Two Stances of Otherness: the Parable of the Good Samaritan and the fairytale The Old Woman’s Daughter and the Old Man’s Daughter, by Ion Creanga | Mihaela DUMITRU (BACALI) & Constantin OPREA
Abstract: The relationship with the other is the key to the notion of “otherness”. This relationship is placed in the center of two different works with respect to the formal completion: one is a parable, The Parable of the Good Samaritan, the other is a fairytale, The Old Woman’s Daughter and the Old Man’s Daughter. What they have in common is the presence of a character that contradicts the idea of selfishness, specific for the ordinary people, and the notion of negative devaluation of the unknown person, highlighted by anthropologists. Both works place in the center the notion of “otherness” and they highlight two possible attitudes connected to this: that other person can become “a limit” or “an object” in the fulfillment of the existential adventure. In other words, that person can be a step towards moral perfection or, on the contrary, a limit in the way of personal development. The two “spiritual creations” (the parable and the fairytale) put into question a moral problem, that of the person next to us or “the Other one”, they both comprise a debate on ethical matters and they are built on the relationship I – the other one, placing in the center the same type of character: “the good man”, gifted with a high ethical sense, the one who, in his journey through life, shows no indifference, but he constantly relates to the person next to him – “the other one” whom, most of the times, is seen in opposition with or they have a conflictual relationship. At the same time, both works comprise the subject of “the road”, that of “the journey”.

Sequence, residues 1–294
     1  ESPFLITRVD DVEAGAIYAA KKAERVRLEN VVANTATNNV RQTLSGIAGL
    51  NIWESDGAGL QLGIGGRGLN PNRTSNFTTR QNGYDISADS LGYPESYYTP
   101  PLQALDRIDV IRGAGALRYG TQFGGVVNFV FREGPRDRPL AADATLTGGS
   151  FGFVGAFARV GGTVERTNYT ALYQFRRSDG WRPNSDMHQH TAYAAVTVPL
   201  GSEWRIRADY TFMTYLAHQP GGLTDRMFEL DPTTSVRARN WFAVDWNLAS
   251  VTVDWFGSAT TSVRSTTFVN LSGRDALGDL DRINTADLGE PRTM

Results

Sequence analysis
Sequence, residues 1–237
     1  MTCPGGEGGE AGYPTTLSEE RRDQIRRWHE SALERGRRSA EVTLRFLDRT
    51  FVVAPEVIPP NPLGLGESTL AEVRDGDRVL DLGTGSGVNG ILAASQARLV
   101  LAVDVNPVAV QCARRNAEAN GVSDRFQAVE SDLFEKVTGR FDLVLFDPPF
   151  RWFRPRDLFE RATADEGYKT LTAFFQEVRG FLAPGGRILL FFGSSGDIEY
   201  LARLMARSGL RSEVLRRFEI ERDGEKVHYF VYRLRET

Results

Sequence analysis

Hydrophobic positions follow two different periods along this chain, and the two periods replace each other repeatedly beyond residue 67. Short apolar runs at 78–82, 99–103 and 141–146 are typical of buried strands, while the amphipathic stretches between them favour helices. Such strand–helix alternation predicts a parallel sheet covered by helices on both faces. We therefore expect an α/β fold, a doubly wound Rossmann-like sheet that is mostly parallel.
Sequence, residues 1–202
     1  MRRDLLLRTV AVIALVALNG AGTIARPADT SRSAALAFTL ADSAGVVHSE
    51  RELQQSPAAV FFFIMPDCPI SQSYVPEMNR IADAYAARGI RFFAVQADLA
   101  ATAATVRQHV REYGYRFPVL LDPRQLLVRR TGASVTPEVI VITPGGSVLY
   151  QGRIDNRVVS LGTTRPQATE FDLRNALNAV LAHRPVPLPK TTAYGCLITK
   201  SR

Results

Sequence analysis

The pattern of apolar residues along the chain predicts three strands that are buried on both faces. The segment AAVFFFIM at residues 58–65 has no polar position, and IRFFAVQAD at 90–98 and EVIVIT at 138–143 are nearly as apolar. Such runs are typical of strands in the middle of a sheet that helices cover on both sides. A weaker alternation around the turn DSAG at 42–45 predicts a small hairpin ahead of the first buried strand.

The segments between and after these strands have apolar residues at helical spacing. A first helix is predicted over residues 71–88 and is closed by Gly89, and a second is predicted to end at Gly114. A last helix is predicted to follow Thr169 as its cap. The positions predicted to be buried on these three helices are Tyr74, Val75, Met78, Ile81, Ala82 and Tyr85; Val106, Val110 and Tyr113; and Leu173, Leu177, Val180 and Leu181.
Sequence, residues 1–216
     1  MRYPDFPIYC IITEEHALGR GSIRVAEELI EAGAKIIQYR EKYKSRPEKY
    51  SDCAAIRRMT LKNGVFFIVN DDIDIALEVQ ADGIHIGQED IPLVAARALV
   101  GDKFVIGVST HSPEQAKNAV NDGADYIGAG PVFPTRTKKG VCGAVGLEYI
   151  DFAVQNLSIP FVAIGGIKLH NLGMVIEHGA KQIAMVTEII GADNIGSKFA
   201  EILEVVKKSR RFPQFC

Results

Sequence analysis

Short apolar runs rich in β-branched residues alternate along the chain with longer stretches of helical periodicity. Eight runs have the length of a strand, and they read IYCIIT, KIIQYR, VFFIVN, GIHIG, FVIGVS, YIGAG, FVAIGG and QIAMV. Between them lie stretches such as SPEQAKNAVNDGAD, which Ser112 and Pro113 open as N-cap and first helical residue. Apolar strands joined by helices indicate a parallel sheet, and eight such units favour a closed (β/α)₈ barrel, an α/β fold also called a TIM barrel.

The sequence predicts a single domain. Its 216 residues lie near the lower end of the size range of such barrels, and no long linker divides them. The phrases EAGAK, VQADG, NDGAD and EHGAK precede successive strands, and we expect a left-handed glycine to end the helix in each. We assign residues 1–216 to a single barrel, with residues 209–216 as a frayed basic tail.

Keywords: Otherness; Parable; Fairytale; The Other; Road.
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